Eric Dickerson: Jones-Drew won’t regret holding out

We remember Eric Dickerson for being a legendary, Hall of Fame running back whose place among the pantheon of greats still remains intact. Seemingly lost in his success, however, were two major holdouts that he orchestrated, netting him a pair of contract extensions.

Maurice Jones-Drew was hoping for the same result.

The All-Pro runner reported to the Jaguars on Sunday following a 38-day stalemate, but did so without a revised pact in place. With two years remaining on his current deal and a new owner playing (his version of) hardball, some thought it was a fruitless endeavor.

Not Dickerson, who explained on NFL Network’s Labor Day edition of “NFL AM” that he understood MJD’s plight.

“I think that when you do hold out, you have to be ready to sit out,” Dickerson said, via “I think any time you make that decision, that’s the player’s call. I cant say ‘yes or no’ if it was good for him to do it, but you have to be ready to hold to your guns because that’s the only way that you’re going to get what want.

“I didn’t want to hold out, I don’t think he wants to hold out, but he did and he didn’t get rewarded.”

Jones-Drew isn’t expected to start Week 1 and likely will need a few weeks to get his legs under him, an obvious consequence of missing training camp and the preseason. Dickerson thinks the NFL’s reigning rushing champ doesn’t — and shouldn’t — regret his decision, as, with any job, “it’s about getting paid.”

“I don’t think he’ll regret (holding out),” Dickerson added. “I mean, what’s the regret?

“I think a lot of guys hold out for different reasons. Contracts, or they’re not happy with their playing time or whatever, but when you make that decision, I don’t think there’s any regret because no one looks at you any different. Players understand what that’s all about. It’s about getting paid, that’s what it’s about. Football is a job. I think a lot of fans think of it as a sport, as a past time, but that is his job and that’s something that he makes his livelihood off of.”

The 27-year-old may have lost the battle, but the war is far from finished. This isn’t the last we’ll hear of Jones-Drew’s contract squabbles, and another stellar season could force the organization to finally pay up. Meanwhile, he’ll continue to do what he does best, chipping away at another Hall of Famer’s record.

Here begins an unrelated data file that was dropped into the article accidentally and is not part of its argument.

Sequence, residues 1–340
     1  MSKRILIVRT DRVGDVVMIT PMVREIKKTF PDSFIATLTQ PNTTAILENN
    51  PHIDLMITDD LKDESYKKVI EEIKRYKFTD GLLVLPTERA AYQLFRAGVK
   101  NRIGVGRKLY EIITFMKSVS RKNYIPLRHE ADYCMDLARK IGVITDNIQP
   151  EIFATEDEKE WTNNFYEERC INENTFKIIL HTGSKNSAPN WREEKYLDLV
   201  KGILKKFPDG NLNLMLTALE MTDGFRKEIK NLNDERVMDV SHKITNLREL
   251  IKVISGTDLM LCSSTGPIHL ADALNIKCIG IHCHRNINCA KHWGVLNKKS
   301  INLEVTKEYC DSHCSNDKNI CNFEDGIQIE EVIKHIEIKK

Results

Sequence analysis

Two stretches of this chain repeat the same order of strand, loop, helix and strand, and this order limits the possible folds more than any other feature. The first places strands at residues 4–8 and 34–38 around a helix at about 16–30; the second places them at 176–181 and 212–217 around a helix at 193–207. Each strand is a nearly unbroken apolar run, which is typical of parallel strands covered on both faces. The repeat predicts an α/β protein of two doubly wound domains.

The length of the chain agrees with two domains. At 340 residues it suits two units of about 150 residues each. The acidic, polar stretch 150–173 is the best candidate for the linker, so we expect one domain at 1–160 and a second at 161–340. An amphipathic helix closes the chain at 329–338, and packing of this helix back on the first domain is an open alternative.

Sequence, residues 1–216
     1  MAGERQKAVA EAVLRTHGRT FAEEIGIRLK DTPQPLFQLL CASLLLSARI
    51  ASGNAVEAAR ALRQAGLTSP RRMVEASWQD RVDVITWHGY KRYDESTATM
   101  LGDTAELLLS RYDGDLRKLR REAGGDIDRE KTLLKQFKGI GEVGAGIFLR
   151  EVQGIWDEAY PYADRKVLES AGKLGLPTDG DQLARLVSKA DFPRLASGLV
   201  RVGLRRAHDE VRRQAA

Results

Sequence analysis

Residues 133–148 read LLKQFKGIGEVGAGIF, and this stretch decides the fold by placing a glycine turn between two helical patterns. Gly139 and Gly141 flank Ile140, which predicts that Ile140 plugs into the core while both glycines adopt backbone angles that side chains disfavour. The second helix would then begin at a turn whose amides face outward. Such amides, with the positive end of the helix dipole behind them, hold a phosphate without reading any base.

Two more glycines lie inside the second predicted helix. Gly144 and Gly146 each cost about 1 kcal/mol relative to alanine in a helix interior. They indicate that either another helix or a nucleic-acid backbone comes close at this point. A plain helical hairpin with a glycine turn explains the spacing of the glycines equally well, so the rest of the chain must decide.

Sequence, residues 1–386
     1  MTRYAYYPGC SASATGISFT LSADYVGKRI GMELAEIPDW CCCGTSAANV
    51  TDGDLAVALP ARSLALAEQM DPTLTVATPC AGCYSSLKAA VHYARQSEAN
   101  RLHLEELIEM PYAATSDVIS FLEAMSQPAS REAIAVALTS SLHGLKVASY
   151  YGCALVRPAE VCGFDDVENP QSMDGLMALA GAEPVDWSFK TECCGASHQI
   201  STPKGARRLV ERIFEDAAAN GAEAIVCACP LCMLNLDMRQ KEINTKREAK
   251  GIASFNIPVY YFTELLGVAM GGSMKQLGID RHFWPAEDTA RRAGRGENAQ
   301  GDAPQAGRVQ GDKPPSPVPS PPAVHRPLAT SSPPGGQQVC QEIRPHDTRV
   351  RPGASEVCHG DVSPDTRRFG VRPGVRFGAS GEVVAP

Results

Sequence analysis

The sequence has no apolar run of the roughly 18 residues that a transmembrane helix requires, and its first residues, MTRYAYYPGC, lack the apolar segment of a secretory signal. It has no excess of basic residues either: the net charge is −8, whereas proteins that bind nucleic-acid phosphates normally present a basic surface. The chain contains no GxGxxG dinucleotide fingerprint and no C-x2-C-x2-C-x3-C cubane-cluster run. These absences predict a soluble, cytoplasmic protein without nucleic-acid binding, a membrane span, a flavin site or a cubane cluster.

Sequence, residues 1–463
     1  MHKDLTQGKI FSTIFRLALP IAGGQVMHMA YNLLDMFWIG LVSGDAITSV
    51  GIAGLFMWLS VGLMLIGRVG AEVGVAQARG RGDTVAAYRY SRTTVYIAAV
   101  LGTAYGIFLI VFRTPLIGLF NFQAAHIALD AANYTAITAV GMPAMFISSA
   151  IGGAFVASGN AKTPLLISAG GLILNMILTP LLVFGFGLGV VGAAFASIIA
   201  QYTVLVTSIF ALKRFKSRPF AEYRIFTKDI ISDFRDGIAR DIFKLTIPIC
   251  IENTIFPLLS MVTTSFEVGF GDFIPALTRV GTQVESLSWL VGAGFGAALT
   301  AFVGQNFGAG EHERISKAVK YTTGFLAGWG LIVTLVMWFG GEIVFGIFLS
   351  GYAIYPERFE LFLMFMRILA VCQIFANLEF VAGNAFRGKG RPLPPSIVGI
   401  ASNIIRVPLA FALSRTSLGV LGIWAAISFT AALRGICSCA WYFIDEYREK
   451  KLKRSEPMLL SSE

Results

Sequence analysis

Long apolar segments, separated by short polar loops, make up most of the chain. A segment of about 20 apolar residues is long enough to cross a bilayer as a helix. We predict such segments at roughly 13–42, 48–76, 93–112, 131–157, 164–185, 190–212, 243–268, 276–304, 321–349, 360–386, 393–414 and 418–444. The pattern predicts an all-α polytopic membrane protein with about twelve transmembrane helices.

Zack Kelberman
An award-winning sportswriter, reporter and blogger, Zack currently serves as the Miami Dolphins live correspondent and Team Stream curator for Bleacher Report. He's also a freelance NFL writer and the founder/editor-in-chief of Helmet2Helmet. His work has appeared on media outlets such as ESPN, Sports Illustrated, FOX Sports,,, and Zack can be reached on Twitter (@ZackKelberman) or via email (
  • Mo

    What type of comment is that from Eric Dickerson, that attitude is partly why his career was cut short, MJD was given a contract that he must fulfill, does he think every year that he has certain amount of yards he should get a pay raise, how about asking for a pay raise when your team makes the playoffs. Eric Dickerson you as an elder statesman should tell the young to look at your example as what not to do if they expect some longevity in the NFL. The players need to wake up this is the “real world”

    • Drew

      Mo, this is the real world. And when you out perform your contract you get a raise. That’s how the league works. Even if this was a corporate job lets say as salesman. If hes the top salesman you get a raise. Name me one team owner who’s fulfilled and honored a players full contract. Jim Irssay and Peyton Manning is the perfect example. Jim Irsay didnt honor Peytons contract did he? Hmmm? he cut him and its obvisuous looking at preseaon game Peyton can still play. He didnt want to come off and pay Peyton his guaranteed money ….so he cut him, hence he didn’t honor his contract? so what’s the difference?